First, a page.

Regular visitors to Rob Has a Website might be guessing that with the elimination of Team Nashville, I’d be basically throwing a party right about now. RHAP fans seem to have gotten the idea that I burn with a seething white-hot rage-on for Whitney Duncan. And I want to go on record as saying that while I have not been 100% kind to her — while I have made fun of the way she says “cement” (because that’s how the Beverly Hillbillies said it, and also because of its unfortunate phonetical similarity to a bodily fluid), I’ve disparaged her music, and I’ve made reference to a sketchy marital timeline with regard to her current relationship — I do not hate her. I don’t hate anybody who’s ever been on this show. Really. Whitney does not disgust me. Neither does Keith. In fact, I probably wouldn’t have an opinion at all if Amazing Race analysis wasn’t my gig, if I were just a regular old viewer.
And look, I’m not obligated to be nice to you just because you’re on television. I’m not even obligated to give everyone fair and equal exposure in this blog. Even CBS doesn’t have to do that. I am not sorry that Whitney Duncan is not my favorite reality TV contestant of all time, and I’m pretty sure she couldn’t get there even if she donated all her reality show loot to Amnesty International, penned a hilarious memoir that dished a whole bunch of CBS dirt, and personally wrote and performed a theme song for Rob Has a Podcast (actually, never mind, that last one would probably work, or at least she could tie with the guy who lets me be on his podcast every week).
But then, I’m also pretty sure Whitney doesn’t care what some nerd in New York City (not exactly a major market for country music in the United States) thinks of her. Still, I care what YOU all think of me, and I couldn’t go through life thinking you all thought I was some kind of single-minded hater who couldn’t look past her own prejudice to give credit where credit’s due. So in that spirit, I give you:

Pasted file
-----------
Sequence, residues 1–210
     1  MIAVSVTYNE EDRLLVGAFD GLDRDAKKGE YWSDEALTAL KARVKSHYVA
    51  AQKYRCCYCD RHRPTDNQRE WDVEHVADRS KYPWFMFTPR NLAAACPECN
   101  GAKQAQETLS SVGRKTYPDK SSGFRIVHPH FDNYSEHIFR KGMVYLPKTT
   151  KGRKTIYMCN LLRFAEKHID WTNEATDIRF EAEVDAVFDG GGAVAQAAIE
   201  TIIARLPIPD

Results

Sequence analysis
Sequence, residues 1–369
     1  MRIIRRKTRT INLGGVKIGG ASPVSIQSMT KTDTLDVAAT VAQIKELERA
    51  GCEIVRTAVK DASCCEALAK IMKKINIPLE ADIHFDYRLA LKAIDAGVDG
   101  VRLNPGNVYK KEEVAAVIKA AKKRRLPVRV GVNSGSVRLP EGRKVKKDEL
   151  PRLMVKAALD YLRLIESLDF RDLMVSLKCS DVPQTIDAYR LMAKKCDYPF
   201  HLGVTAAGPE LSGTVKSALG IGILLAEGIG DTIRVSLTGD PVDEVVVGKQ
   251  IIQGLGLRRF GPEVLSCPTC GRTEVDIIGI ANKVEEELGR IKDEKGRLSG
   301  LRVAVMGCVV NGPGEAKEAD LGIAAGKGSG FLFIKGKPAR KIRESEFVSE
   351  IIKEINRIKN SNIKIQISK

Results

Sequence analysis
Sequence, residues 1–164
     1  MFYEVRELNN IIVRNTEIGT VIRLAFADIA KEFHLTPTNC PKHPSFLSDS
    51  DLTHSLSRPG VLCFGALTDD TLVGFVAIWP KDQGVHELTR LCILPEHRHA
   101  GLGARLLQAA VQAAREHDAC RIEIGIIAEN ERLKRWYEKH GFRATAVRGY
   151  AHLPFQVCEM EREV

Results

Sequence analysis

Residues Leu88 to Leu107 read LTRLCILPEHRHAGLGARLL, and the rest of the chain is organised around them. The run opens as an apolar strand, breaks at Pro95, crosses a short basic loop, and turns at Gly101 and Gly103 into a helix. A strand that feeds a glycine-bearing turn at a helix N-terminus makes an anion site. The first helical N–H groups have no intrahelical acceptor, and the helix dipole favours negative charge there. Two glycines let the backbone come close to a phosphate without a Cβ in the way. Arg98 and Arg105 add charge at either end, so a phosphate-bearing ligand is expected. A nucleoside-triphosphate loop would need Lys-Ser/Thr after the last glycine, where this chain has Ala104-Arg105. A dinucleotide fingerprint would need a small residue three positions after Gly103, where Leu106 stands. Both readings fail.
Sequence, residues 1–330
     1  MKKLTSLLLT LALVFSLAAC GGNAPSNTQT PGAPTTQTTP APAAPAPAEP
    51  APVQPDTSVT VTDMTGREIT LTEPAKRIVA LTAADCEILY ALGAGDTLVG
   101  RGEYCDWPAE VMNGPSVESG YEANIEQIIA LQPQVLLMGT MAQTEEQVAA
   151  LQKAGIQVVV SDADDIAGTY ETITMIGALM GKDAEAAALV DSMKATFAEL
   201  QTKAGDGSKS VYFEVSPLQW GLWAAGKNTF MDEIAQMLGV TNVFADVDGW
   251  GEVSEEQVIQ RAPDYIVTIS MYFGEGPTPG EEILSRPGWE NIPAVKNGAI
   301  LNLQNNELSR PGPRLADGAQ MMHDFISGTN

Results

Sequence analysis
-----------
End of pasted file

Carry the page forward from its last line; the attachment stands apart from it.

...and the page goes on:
Jess Says a Whole Bunch of Nice Things about Keith and Whitney, and Maybe Now Y’all Will Stop Putting Her on Blast for Her Allegedly Unfair BiasesRemember this? It’s not their fault if you don’t.[/caption]
1) They were much more interesting on TAR than they were on Survivor. It was probably an uphill climb to get airtime at all on a season that starred Coach, Cochran, Ozzy, and a Hantz, especially in this era of lopsided editing, so the fact that we didn’t know much about Keith and Whitney going into TAR25 is really not their fault. On TAR, we absolutely got to know them as characters in a way that Survivor didn’t bother with (presumably because they weren’t giving Jeff Probst a boner). We learned that Whitney is unfailingly polite (she even thanked the sheep!) but has some wicked sarcasm in her arsenal, we learned that Keith has a quick temper, and we learned that as a couple, they are not afraid to step on each other’s toes. They’re outspoken, they’re quick on their feet, and they are able to bounce back from adversity. Survivor: South Pacific might have been more entertaining if we’d had a chance to get to know them a little better. At least now I understand how they got cast in the first place.
2) Keith, not Whitney, appeared to be the volatile weak link, and Whitney knew how to handle him. In fairness to Whitney, most of the conflict these guys ran into with other teams – and even with each other – was started by one person. At several points it seemed like Whitney was running damage control after Keith’s brain-to-mouth filter broke. As we’ve seen in confessionals, she usually agrees with him about whatever caused him to lose his temper, but she’s mastered the fine art of tact in a way that he really hasn’t. The most successful couples can learn and grow from each other, and I think the Race probably helped them prepare to do that in their marriage, so they’ve got that going for them. Which is nice.